Fancy a romantic transatlantic cruise with your sweetheart? How about a nice, relaxing voyage where you row 16 hours a day for 60 days, eat lukewarm freeze-dried food, roll your vessel upside down four times and fend off the amorous advances of a 60-foot whale?

Meet Liz O’Keeffe and Richard Mayon-White, two British adventurers who have done all that and much, much more. I interviewed them at Nelson’s Dockyard in Antigua, West Indies.

Q: Tell me about the voyage.

Richard: Just a few days ago, on January 30th, 2006, we completed our 2,900-mile row across the Atlantic, as part of the Atlantic Rowing Race. We are the first mixed-pair team to finish here in Antigua. This type of racing began in 1995 and is now very popular.

Liz: The race included 26 teams who set off on the 30th of November 2005 from Gomera in the Canary Islands. Most teams were pairs, but there were four vessels with four persons aboard, and two solo rowers. Our team is named Row4Cancer, and we have raised over £40,000 ($75,000) for cancer relief. We often use the boat to carry cancer sufferers, especially kids, for short races to take their minds off their troubles. They love it.


Richard Mayon-White and Liz O’Keeffe of team Row4Cancer aboard their vessel “Bilbo Baggins.” Liz shows her rowing position just before being thrown overboard in one of the four rollovers the team suffered during the transatlantic race. Photos: Toulmin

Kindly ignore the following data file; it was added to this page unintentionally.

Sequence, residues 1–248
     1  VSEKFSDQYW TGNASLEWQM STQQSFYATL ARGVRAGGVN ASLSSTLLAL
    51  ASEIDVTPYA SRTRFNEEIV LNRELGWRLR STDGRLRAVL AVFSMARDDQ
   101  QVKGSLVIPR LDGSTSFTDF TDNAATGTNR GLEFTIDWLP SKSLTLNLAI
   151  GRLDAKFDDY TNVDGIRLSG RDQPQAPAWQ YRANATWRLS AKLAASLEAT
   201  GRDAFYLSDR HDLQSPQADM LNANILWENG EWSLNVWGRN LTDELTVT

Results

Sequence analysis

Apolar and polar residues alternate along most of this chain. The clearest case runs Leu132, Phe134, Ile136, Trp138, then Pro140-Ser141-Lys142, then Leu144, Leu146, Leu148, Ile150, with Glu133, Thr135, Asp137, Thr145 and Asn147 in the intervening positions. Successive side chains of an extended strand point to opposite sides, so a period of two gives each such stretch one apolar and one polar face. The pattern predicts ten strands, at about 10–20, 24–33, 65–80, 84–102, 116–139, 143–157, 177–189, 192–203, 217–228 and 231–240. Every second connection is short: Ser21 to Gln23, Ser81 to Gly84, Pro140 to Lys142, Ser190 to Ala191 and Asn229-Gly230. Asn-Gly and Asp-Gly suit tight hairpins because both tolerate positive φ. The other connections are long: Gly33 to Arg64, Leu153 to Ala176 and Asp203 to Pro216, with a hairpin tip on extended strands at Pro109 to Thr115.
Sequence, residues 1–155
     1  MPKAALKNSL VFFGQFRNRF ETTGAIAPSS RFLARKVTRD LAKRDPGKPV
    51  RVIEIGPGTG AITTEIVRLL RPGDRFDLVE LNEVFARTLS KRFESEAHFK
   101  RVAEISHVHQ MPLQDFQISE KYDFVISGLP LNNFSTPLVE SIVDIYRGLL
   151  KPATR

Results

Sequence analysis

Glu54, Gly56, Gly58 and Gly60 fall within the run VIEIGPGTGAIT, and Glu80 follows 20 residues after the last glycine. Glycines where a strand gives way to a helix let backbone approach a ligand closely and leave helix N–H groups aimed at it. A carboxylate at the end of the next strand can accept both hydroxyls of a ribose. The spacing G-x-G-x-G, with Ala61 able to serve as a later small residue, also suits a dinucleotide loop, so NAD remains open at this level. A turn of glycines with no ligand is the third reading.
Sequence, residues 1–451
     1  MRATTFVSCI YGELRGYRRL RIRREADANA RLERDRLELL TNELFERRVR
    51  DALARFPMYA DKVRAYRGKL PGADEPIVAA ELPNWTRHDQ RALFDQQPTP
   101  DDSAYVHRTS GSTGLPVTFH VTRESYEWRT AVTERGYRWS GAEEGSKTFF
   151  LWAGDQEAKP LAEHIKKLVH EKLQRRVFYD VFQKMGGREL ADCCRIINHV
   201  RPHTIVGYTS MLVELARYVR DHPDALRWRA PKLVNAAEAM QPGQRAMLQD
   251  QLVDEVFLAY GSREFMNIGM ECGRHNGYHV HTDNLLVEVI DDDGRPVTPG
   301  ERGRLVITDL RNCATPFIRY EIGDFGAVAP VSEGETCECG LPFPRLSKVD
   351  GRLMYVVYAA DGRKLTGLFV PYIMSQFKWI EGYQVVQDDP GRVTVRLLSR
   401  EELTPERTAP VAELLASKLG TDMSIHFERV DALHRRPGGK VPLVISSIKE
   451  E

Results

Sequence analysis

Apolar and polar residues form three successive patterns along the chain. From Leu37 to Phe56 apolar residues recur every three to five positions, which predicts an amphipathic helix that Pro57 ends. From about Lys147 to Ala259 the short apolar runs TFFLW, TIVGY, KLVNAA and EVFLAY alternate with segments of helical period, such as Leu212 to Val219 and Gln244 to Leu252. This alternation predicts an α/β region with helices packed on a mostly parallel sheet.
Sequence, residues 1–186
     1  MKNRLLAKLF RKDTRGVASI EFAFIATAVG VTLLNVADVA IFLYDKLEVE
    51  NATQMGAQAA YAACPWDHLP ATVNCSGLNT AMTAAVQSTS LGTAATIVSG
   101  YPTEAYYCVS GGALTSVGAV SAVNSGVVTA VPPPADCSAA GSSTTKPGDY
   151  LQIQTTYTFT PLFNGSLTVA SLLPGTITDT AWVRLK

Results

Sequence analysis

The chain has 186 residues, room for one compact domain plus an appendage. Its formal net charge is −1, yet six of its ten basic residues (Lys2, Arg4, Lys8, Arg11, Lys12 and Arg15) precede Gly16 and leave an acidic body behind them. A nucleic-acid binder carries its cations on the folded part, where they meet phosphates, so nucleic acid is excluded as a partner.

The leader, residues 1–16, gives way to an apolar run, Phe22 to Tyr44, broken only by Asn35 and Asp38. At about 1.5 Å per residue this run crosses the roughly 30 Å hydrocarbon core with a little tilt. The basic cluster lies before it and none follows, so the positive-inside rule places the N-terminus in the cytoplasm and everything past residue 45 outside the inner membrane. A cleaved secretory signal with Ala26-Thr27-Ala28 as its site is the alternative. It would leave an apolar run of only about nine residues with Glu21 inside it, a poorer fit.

Q: Tell me about your boat.

Liz: Our boat is named Bilbo Baggins, after the Hobbit character and after our wonderful black Labrador who, sadly, had to be put down and is buried near where we kept the boat.

Richard: The race requires all boats to be of a standard size: 24 feet long, with a 9-millimeter-thick (less than ½-inch) plywood hull. There is no real competition regarding external boat design, but each team can design their vessel’s interior. We bought a used boat, gutted it and rebuilt every single system — electrical, navigation, steering, rowing, communications, water-making, cooking, etc. It took three years and required a budget of £60,000 ($113,000).

Q: How old are you, where are you from and what is your profession?